- The Washington Times - Thursday, September 28, 2006

LONG BEACH, Calif. — The staff at the Schooner or Later restaurant makes sure to seat all customers under umbrellas — not to shade them from the hot California sun but to protect them from industrial-size bird droppings.

Meanwhile, workers at yacht shops nearby are getting bombarded with fish heads, rat bits and half-eaten squirrels.

A flock of great blue herons is nesting in the trees nearby, and they like to clean house by dumping debris outside the stores at the Alamitos Bay Marina.

In recent years, an increasing number of herons have built nests in populated areas of Southern California as development has forced them from streams and wetlands.

The herons — 3-foot-tall birds with long arching necks, a loud barklike call and atrocious manners — are nesting wherever they can hang a feather, from palms near manmade lakes in condo developments to Joshua trees near a treated waste pond at Edwards Air Force Base in the Mojave Desert.

“The real question is, are the humans adapting to the herons?” said Bradley Henderson, a biologist with the state Department of Fish and Game.

Some people have welcomed the herons, cheering their ability to adapt and watching with wonder as they lift their ungainly-looking bodies into the sky and soar with grace.

“This is as interesting as a hawk habitat in New York City,” said Robert Eisenman, who has been leading the charge to save the birds in Long Beach.

Others say the herons are a loud and messy nuisance and have to go.

“It’s like having a full glass of milk being dumped on you,” said Denise Lund, owner of the Schooner or Later and a bird-dropping victim herself.

Business owners in the marina have tried various methods to get the birds to leave, including a sonic repeller called Bird-X. The Schooner or Later is working with the city to have some of the palm trees moved.

“They’re pretty, but somewhere else,” said Barbara Tomasek, a secretary at a company that cleans yachts.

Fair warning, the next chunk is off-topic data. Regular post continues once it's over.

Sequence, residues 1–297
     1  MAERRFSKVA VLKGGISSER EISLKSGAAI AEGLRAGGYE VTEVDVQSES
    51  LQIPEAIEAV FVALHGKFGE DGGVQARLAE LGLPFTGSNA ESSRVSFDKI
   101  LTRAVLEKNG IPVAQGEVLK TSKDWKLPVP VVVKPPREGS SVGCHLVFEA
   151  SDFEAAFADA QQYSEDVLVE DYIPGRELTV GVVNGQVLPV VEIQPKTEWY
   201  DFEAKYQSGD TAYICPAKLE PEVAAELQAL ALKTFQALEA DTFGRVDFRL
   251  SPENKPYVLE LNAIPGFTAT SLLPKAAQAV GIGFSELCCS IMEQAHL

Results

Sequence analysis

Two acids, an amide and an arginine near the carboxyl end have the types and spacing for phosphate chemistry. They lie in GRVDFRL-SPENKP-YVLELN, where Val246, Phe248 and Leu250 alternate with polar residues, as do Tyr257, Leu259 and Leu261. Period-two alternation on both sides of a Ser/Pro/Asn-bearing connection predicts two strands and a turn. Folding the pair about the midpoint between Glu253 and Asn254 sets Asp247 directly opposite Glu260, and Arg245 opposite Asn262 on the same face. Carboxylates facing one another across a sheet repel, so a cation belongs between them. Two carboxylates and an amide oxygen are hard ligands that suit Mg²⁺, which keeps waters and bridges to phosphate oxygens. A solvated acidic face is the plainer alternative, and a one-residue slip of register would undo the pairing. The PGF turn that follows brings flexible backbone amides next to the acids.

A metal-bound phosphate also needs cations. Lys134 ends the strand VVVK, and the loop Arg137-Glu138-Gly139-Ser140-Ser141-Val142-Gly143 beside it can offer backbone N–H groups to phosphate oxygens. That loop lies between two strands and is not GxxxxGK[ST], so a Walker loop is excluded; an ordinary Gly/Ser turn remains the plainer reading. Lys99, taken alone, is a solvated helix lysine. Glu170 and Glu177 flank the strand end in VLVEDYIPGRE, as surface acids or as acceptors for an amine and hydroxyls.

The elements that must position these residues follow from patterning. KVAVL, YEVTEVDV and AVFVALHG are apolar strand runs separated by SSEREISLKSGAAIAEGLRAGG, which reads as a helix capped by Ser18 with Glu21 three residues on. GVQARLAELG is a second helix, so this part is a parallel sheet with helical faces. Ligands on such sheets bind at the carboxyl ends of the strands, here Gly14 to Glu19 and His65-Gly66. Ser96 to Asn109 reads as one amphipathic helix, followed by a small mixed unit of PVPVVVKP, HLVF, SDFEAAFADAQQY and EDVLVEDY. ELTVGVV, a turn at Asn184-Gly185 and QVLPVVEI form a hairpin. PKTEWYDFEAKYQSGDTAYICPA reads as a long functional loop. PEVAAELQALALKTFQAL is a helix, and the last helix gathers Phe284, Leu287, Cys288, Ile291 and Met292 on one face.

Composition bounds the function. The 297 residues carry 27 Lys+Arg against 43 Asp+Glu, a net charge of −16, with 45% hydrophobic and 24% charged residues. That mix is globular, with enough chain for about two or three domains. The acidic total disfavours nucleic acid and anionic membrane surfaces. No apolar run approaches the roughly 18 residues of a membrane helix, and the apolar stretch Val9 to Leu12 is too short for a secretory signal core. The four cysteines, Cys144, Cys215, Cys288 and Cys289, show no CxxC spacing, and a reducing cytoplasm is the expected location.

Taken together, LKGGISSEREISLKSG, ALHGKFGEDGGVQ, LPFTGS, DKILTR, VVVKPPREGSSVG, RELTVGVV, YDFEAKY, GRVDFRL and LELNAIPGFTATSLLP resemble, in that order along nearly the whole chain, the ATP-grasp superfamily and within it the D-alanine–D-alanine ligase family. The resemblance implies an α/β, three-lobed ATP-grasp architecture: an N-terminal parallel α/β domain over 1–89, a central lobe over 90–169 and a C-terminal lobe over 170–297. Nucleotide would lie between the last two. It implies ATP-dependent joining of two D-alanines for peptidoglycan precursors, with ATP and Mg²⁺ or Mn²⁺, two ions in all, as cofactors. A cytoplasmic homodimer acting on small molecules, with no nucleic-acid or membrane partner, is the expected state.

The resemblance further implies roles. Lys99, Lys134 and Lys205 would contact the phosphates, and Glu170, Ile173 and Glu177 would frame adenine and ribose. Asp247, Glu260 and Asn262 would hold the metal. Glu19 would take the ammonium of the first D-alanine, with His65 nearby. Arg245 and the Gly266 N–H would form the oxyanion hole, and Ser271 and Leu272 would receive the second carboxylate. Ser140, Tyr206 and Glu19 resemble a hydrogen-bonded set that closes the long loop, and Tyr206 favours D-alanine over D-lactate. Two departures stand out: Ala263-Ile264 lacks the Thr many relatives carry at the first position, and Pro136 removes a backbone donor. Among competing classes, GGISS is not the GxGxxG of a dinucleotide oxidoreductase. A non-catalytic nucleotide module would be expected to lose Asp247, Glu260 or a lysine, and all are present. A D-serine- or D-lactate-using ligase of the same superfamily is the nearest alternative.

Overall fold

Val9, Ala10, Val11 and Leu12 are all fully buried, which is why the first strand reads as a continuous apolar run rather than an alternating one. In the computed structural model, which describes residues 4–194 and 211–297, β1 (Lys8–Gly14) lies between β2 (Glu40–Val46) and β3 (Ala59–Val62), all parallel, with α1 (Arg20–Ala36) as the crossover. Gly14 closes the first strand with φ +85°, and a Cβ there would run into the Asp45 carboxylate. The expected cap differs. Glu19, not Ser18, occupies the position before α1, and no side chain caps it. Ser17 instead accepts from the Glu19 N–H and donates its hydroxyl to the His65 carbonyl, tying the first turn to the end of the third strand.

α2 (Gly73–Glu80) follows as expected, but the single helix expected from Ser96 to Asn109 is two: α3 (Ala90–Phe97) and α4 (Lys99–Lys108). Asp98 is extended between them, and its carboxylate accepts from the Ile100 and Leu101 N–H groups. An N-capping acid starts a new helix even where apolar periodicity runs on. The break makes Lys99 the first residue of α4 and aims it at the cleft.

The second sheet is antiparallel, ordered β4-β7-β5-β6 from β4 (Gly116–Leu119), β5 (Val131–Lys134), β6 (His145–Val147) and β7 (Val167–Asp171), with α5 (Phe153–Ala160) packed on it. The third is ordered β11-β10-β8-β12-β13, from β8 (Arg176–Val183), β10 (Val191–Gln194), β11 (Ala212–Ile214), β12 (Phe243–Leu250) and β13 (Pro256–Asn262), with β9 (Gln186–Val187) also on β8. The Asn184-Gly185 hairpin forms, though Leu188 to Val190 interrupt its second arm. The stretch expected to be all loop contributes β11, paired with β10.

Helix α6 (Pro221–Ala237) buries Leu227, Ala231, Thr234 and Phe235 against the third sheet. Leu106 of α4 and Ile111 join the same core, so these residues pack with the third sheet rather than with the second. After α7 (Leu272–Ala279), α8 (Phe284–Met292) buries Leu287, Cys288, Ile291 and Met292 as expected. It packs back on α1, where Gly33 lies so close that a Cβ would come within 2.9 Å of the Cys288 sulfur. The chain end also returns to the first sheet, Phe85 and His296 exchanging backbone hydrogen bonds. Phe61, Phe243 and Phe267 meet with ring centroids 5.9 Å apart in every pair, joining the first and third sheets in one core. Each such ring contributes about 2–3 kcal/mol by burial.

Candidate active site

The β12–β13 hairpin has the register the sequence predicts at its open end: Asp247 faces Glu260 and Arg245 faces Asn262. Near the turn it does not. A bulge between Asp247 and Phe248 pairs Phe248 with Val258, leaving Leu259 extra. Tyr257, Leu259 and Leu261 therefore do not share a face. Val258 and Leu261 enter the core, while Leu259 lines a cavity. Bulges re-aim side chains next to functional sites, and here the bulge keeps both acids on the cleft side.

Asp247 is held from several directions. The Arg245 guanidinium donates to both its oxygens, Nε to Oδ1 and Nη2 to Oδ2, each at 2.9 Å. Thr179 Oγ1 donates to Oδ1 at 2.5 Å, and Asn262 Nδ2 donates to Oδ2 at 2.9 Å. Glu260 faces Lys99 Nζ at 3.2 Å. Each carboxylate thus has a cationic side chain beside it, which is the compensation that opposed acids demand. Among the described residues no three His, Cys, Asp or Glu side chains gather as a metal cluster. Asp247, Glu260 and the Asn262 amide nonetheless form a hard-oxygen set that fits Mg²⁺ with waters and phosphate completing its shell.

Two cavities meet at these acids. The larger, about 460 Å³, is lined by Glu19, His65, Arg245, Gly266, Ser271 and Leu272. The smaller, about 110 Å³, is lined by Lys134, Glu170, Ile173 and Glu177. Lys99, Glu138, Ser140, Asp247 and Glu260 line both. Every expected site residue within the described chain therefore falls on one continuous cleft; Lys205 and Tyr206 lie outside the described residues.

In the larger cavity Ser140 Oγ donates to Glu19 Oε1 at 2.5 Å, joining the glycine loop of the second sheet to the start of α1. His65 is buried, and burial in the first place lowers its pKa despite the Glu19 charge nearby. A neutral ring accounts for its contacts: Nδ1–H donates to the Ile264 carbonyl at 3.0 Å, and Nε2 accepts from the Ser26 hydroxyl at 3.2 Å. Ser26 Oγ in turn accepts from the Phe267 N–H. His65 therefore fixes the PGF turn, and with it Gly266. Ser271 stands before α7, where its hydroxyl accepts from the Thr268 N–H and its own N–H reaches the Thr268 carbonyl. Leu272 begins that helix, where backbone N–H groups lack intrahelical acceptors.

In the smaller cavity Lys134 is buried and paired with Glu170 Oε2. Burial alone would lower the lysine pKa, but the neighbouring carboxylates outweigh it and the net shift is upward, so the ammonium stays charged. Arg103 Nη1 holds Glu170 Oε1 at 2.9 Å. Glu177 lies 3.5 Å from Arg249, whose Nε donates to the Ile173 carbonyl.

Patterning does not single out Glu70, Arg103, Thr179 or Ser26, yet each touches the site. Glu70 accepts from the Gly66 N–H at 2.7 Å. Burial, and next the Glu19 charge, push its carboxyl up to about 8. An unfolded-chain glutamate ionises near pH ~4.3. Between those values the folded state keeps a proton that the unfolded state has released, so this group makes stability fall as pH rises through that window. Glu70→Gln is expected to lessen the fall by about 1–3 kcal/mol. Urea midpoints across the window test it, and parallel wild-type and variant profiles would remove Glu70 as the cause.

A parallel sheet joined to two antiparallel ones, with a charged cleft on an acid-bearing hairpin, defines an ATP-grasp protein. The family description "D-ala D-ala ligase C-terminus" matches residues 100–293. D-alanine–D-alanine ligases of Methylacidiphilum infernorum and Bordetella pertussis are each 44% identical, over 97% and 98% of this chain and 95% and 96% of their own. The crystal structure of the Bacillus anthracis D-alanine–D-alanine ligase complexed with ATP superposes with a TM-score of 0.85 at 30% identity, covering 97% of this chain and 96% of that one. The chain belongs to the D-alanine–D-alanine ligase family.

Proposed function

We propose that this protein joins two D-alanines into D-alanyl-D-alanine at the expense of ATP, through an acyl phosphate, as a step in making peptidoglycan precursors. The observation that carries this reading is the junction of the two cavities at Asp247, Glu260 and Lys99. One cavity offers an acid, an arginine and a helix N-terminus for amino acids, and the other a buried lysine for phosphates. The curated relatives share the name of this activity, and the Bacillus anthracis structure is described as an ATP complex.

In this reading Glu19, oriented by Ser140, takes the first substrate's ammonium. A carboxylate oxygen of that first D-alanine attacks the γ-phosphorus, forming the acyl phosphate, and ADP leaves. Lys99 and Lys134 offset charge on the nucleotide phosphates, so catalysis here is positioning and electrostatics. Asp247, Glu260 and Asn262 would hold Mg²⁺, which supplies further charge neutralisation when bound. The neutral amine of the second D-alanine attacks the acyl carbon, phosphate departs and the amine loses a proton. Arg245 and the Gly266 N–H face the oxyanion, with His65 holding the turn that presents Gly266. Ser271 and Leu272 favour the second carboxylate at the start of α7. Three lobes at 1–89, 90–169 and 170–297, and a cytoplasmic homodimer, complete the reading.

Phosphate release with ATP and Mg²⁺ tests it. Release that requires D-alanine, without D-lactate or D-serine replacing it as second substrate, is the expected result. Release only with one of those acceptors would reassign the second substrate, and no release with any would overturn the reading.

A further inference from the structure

Consultant Carol Paquette said she was involved in a successful effort several years ago to drive heron away from an old naval shipyard in Long Beach. Ficus trees were placed upright on flatbed trucks and moved a mile, as tapes played the sound of heron chicks begging for food to lure adult birds. She said the adults followed along.

Bird enthusiasts are not convinced the approach really works.

“I’m not sure the herons would follow a sign that said, ‘Now your nests are here,’” said Garry George, executive director of the Los Angeles Audubon Society, which is fighting the Marina del Rey relocation effort.

Besides, he said, “It’s not like they’re intruding on the urban areas — the urban areas have intruded on them.”

In the late 19th century, the nation’s heron and egret populations were decimated by hunters who wanted their feathers to decorate hats. To protect them, Congress in 1900 banned foreign and interstate trade in the feathers.

The birds gained further protection in 1918, when the government passed a law that allowed states to set seasons and enforce limits on hunting. Since then, herons have gradually returned to their previous numbers, and they are no longer endangered.

“Herons are one of the few success stories of local birds,” said Dan Cooper, who wrote Audubon’s Important Bird Areas of California.

“People destroyed the wetlands and replaced them with marinas, but the herons have resisted,” he said. “They’re still here.”

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